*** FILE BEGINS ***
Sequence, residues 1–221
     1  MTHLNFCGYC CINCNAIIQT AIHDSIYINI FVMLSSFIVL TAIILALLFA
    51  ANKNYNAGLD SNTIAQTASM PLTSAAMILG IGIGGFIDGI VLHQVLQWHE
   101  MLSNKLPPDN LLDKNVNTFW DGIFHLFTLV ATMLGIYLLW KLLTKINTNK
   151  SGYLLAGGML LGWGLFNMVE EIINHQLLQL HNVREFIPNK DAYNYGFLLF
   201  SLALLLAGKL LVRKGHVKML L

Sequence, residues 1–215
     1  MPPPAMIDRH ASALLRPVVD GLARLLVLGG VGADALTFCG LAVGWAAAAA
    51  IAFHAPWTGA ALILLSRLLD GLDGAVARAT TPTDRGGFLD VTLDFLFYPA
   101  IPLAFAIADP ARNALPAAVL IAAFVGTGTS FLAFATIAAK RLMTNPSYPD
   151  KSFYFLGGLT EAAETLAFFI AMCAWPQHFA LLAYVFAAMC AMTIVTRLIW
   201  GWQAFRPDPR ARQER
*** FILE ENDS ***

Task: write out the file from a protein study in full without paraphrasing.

Sequence, residues 1–221
     1  MTHLNFCGYC CINCNAIIQT AIHDSIYINI FVMLSSFIVL TAIILALLFA
    51  ANKNYNAGLD SNTIAQTASM PLTSAAMILG IGIGGFIDGI VLHQVLQWHE
   101  MLSNKLPPDN LLDKNVNTFW DGIFHLFTLV ATMLGIYLLW KLLTKINTNK
   151  SGYLLAGGML LGWGLFNMVE EIINHQLLQL HNVREFIPNK DAYNYGFLLF
   201  SLALLLAGKL LVRKGHVKML L

Sequence, residues 1–215
     1  MPPPAMIDRH ASALLRPVVD GLARLLVLGG VGADALTFCG LAVGWAAAAA
    51  IAFHAPWTGA ALILLSRLLD GLDGAVARAT TPTDRGGFLD VTLDFLFYPA
   101  IPLAFAIADP ARNALPAAVL IAAFVGTGTS FLAFATIAAK RLMTNPSYPD
   151  KSFYFLGGLT EAAETLAFFI AMCAWPQHFA LLAYVFAAMC AMTIVTRLIW
   201  GWQAFRPDPR ARQER